The happy couple
The happy coupleReuters

We will know only on January 22, or in the wee hours of January 23, whether the surprise electoral merger between Yisrael Beitenu and the Likud paid off politically.

Speaking on Channel 1's Mabat News Hour, Minister Limor Livnat compared the deal to Menahem Begin's master stroke in 1965, when he formed the Gahal bloc (Gush Herut Liberalim) between his own Herut Party and the Liberals that eventually morphed into the Likud and provided for the first time a credible alternative to the hegemony of the Labor movement in Israel.

I do not buy this comparison. Herut and the Liberals were two distinct movements with very different and even antagonistic economic philosophies - it worked because Begin was willing to defer on economic issues - and the Liberals were much more dovish than Herut. Herut brought the electoral muscle and the Liberals brought respectability to the marriage.

I would prefer to compare what we saw tonight to the 1968 merger between MAPAI, RAFI and Achdut Ha'Avoda that gave birth to the Israeli Labor Party. Avigdor Lieberman is returning home to Likud, as are Infrastructure Minister Uzi Landau and the party's latest pickup, Yair Shamir, son of the late Prime Minister Yizhak Shamir. One can also mention Orli Levy, the daughter of David Levy, another Likud stalwart.

This is reminiscent of Shimon Peres, Moshe Dayan, Yizhak Navon, Chaim Herzog and others returning to a united Labor Party after following their mentor David Ben-Gurion out of MAPAI into the political desert in 1965 following the split between Ben-Gurion and his successor as Prime Minister, Levi Eshkol.

Like Lieberman, they rejoined the parent party in a minority status, but eventually worked their way to the top. The aforementioned RAFI leaders produced 3 presidents, a prime minister and 2 defense ministers. This is something that they could not have accomplished by remaining on their own.

Lieberman has probably made the same calculation. His electoral success won him the post of foreign minister, but if he aspires to the top job he needs to belong to Likud. By getting the number two spot on the joint list, Lieberman has effectively leapfrogged ministers such as Gideon Saar or Moshe Yaalon in a post-Netanyahu succession.

What does Netanyahu think that he has gained from the merger? For one thing he has made a splash after weeks in which he saw rival parties getting ink as some big names and retreads announced their adhesion to the Labor Party or to Lapid's Future Party.

This merger will be the talk of the media for the next few days. In addition, in the election campaign, the two parties will work together rather than being forced to attack each other.

Both Netanyahu and Lieberman mentioned the issue of governance. Israel has a fragmented political system and as part of the "grass is greener" complex, Israelis hanker for an essentially two-party system that would not be subject to "extortion" by the smaller parties.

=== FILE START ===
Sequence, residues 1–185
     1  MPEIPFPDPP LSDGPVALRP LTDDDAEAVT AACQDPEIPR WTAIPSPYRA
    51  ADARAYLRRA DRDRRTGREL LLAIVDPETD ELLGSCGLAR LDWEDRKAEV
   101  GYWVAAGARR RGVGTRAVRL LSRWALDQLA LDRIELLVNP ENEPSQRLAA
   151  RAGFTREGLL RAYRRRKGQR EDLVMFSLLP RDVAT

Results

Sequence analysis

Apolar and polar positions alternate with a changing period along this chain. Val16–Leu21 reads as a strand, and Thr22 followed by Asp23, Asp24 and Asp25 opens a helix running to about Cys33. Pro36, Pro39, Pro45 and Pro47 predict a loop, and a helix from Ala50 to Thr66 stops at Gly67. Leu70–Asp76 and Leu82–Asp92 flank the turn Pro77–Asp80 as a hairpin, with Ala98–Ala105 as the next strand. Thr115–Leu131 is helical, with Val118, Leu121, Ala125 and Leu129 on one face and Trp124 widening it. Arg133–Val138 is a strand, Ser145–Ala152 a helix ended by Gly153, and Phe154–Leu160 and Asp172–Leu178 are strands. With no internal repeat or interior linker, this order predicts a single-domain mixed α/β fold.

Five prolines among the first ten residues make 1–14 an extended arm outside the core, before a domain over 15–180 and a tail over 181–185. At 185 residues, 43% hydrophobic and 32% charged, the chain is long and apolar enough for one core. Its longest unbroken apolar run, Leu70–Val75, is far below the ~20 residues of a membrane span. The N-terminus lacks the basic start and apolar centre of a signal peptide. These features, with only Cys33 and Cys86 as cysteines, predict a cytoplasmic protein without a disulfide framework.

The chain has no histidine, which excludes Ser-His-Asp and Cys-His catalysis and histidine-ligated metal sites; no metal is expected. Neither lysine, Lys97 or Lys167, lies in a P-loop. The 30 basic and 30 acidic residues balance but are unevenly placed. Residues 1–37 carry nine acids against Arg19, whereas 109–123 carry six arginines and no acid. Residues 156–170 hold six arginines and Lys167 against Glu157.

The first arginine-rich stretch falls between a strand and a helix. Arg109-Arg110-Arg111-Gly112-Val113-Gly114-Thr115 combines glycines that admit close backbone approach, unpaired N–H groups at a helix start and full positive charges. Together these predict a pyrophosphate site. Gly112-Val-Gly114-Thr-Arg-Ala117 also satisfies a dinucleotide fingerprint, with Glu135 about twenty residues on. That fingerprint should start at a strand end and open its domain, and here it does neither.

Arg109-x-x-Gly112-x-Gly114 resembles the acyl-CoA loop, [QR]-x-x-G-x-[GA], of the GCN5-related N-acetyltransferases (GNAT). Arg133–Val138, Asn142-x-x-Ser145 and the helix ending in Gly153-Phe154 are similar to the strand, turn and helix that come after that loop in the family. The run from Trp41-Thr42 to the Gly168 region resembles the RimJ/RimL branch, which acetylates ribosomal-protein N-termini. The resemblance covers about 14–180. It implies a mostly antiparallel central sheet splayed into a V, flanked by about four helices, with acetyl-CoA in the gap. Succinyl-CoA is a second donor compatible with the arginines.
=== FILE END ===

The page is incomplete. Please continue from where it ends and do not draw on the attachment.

By merging with Lieberman, Netanyahu gets a leg up on the system reform issue. He can now argue that he has taken the first major step towards rationalizing the party system.

Netanyahu may also be counting on the fact that the left will not be able to match the merger. Who is going to yield to whom is a question that already dominates conversation on the left.

The merger has little political downside, as it should not arouse dissatisfaction amongst supporters of either the Likud or Yisrael Beyteinu. Lieberman is well-regarded in his former party and never lost contact with it. Some may even believe that Lieberman provides a toughness that Netanyahu lacks. Lieberman's core constituency- immigrants from the former Soviet Union – are gratified that now one of theirs has a shot at becoming prime minister.

We still lack details about the terms of the merger and perhaps they have not been completely fleshed out by the principals. Candidates from both parties will be interspersed, it was said, on a joint list in the Knesset elections.

Here Livnat is correct. As in the Gahal Agreement she mentioned, both parties still retain their separate identity and choose their candidates separately – the Likud via a primary and Yisrael Beyteinu by a small team headed by Lieberman.

Some Likud ministers and Knesset members, while endorsing the merger in public and helping approve it in the Likud Central Committee, are going to be privately miffed. They have spent years cultivating registered Likud voters in advance of the inevitable primaries and now a joker has been tossed into the pack.